snaps of the wrists to retrieve the bait. When the fish are aggressively
attacking the bait on or near the surface, you'll be astonished of
how many strikes you'll observe, so keep the bait within site during
the entire retrieve.
"Initially, try letting the baits flip across the surface
like a wounded shad," says Dave Masterson, "especially
if you are fishing a school of feeding bass or shad fleeing at the
surface. If the fish are hesitant about taking the bait on the surface,
work it about one to three feet deep, a depth where you can still
visualize the bait. I find this to be the most effective retrieve
and depth range. I don't do anything fancy, I just snap the wrist
and pause, snap the wrist and pause. The only real alteration is
the speed in which I retrieve the bait. Sometimes they want to chase
it, other times call for you to work it slowly, literally tantalizing
the fish with the erratic action."
When initially learning how to fish floating unweighted worms, such
as the Zoom Trick Worm, it probably is best to rig it Texas
As one becomes proficient with the floating worm, you may want to
experiment with various rigging modifications, including fishing
it wacky style by hooking it through the egg sac or center of the
always recommend fishing the floating worm on spinning gear," says
Dave Masterson. "It will afford you greater distances on the
cast, so you can avoid spooking shallow fish. According to Masterson,
probably the number one problem novice anglers have when working
floating worms is that they set the hook as soon a they feel the
strike or see the fish take the baits. He advises hesitating a few
seconds to allow the fish to inhale the bait and start swimming away
If the fish are deeper, you may elect to fish the stern weighted
hooks from Mustad or the Lunker City insert weights. The inserts
are either pierced across the body of the bait and then clipped so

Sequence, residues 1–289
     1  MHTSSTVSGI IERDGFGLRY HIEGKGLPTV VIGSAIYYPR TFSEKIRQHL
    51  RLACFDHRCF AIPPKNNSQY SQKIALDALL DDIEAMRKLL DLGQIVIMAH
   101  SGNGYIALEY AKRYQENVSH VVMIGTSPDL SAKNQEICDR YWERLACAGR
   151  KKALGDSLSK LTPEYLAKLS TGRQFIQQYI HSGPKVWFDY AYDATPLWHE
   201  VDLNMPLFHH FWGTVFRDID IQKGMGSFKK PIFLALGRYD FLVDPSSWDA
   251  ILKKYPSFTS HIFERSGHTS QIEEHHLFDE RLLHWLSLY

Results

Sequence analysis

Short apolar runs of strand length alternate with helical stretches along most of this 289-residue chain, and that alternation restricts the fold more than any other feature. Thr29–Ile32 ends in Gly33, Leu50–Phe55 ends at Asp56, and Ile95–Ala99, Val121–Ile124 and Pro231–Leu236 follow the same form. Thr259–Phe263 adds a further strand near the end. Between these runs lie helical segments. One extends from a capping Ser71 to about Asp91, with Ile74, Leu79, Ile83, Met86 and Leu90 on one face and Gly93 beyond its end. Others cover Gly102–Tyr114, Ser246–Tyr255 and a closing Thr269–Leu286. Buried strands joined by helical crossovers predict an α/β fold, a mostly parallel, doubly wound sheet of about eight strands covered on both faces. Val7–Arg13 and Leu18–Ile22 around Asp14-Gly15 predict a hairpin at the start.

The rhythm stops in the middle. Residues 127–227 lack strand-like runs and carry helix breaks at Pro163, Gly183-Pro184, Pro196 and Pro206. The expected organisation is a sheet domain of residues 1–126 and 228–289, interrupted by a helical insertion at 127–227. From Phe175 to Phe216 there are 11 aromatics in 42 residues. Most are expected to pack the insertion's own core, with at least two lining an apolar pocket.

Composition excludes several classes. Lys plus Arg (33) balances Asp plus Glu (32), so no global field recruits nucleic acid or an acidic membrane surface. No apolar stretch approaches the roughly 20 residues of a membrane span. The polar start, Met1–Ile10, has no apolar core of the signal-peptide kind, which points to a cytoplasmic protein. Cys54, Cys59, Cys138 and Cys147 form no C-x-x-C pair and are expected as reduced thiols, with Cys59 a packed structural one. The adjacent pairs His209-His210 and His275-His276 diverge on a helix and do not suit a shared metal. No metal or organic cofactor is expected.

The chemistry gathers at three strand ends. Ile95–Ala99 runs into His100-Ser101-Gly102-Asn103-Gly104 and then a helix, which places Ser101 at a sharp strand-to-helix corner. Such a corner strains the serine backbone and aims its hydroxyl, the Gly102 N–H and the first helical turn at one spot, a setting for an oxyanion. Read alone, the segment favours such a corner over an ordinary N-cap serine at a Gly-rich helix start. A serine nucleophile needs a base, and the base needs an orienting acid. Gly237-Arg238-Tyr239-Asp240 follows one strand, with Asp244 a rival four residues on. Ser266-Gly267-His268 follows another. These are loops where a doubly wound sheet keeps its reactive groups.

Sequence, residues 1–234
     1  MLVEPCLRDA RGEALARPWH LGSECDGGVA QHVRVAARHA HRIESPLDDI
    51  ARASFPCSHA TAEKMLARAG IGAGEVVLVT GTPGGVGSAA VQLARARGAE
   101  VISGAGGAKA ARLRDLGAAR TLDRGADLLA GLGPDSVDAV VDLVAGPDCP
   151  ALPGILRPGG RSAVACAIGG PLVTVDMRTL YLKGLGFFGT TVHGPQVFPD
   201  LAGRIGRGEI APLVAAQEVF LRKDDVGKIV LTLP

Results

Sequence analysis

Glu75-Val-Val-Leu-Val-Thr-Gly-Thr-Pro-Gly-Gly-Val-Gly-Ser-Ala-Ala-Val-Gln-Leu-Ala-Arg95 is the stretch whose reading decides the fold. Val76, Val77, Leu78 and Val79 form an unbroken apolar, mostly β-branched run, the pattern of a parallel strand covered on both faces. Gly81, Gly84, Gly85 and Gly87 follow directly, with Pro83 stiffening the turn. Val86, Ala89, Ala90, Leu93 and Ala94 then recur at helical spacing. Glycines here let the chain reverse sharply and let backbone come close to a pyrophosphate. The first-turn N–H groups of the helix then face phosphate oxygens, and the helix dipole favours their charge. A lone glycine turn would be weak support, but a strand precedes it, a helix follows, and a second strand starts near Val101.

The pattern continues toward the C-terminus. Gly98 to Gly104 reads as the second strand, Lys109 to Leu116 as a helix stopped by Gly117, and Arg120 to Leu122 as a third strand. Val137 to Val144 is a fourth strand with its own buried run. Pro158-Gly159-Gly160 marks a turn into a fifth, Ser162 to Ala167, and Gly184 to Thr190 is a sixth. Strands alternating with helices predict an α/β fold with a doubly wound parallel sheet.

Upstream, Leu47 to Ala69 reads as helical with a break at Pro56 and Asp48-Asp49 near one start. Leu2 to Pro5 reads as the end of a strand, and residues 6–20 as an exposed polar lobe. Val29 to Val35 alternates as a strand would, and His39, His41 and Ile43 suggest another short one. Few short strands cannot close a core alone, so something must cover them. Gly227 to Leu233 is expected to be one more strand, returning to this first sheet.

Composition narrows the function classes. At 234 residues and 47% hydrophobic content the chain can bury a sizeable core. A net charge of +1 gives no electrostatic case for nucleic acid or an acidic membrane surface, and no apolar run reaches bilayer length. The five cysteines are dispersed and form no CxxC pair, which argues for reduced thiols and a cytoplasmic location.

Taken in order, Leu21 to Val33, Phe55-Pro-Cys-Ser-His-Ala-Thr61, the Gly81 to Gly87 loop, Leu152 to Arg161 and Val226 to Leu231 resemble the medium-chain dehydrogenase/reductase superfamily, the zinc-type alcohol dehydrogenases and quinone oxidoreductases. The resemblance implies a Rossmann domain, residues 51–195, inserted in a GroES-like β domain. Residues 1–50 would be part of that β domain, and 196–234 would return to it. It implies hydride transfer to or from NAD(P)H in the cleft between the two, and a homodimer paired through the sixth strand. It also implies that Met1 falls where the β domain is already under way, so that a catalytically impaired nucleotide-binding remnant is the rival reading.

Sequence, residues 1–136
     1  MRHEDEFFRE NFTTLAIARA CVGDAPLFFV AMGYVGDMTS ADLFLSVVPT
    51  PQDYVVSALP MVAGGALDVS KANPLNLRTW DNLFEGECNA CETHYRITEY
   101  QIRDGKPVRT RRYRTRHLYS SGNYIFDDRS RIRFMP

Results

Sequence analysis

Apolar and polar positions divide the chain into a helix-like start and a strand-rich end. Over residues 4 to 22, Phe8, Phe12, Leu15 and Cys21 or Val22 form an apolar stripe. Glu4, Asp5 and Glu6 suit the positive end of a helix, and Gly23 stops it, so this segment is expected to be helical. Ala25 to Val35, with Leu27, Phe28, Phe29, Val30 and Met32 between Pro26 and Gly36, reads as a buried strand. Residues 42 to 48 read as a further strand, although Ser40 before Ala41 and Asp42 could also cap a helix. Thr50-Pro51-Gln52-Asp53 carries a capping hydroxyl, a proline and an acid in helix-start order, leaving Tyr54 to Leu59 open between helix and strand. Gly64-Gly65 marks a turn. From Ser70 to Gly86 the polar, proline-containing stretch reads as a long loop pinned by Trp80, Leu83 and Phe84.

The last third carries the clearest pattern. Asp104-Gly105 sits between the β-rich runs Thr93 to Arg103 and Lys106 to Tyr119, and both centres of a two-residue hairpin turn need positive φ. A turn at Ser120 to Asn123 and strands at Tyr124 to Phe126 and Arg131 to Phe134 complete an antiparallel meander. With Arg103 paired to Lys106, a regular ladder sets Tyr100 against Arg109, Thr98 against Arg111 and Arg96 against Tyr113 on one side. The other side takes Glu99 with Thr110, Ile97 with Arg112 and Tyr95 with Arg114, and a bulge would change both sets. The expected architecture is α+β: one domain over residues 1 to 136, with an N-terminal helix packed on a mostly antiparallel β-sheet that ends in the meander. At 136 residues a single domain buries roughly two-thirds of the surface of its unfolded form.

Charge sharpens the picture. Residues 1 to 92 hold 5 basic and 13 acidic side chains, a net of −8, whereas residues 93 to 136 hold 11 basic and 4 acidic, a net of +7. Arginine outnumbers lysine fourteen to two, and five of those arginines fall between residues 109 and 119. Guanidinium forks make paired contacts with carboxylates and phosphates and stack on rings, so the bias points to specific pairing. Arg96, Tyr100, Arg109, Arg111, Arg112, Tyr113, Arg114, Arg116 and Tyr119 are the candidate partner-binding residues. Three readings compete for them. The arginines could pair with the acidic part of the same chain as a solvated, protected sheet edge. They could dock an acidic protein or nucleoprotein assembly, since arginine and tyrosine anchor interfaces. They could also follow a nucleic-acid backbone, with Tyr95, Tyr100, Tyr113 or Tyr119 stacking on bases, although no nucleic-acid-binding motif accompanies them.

that no portion of the insert remains outside the baits or inserted
near the bend of the hook to make them stern weighted.
Plastic Worms and Lizards
no other lure has been responsible for landing as many Mexican bass
as the plastic worm. It is probably so productive because it can
probe the mid to deep water haunts of Huites' bass more efficiently
than just about any other lure. The most popular and productive way
to rig worms for the bass of Huites is via the Texas
The Texas rig allows you to fish the worm in a weedless manner, as
the hook point is not exposed to snag into various forms of cover,
but rather is buried into the body of the worm. When fishing shallow
water and thicker cover, worms in the five to seven inch category
are most effective, as they will not tend to get hung up in the cover
as longer versions. When fishing shallow water, consider a pegged
slip sinker that is between 1/8 and ¼-ounce in weight. Pegging
will not allow the worm to be disassociated from the weight and will
make it more streamlined when going through cover like brush or trees.
One of the best methods for catching a true Huites trophy bass is
to fish plastic worms within and across deep structure, such as humps,
points, old road beds and submerged standing timber. For this deep
structure approach, consider using plastic worms from 7 to 11 inches
in length and up the weight of your slip sinker to between ¼ and ½ ounce
so that you can effectively feel the worm and weight carom across
lizards are also very appealing to Huites' bass. The lizard offers
the same lifelike action of a plastic worm, however
might have a slightly larger profile. The lizard is rigged in the
same manner as the plastic worm.
When worm fishing, consider rods from 6-1/2 to 7 feet in length.
Rely on line weight between 14 and 20 lbs. Keep in mind that deep
Huites bass have an affinity to head for cover once hooked on a plastic
worm, so you've got to really horse them once hooked. The heavier
line will allow you to do so more efficiently. Productive colors
of worms and lizards on Huites include: pumpkinseed, pumpkinseed
with chartreuse tail, Tequila Sunrise, grape, red shad and blue shad.
Of course, always consider fishing the style and color worms you
have confidence in as the bass on Huites are not very finicky.
Crankbaits are basically wood or hard plastic fish
imitating treble hook laden lures. They are usually categorized into
three depth ranges
- shallow, medium and deep. Typically, shallow running crankbaits possess
either no lip or a small one. The deeper running lures tend to be
heavier, with elongated lips. Crankbaits are a must
for any angler visiting Huites, especially if he or she is in search
a trophy bass.
simply fancasting the water and attempting to locate fish, few lures
will produce as well as the lipless crankbait, basically a moulded
plastic crankbait that has an internal sound chamber with shot or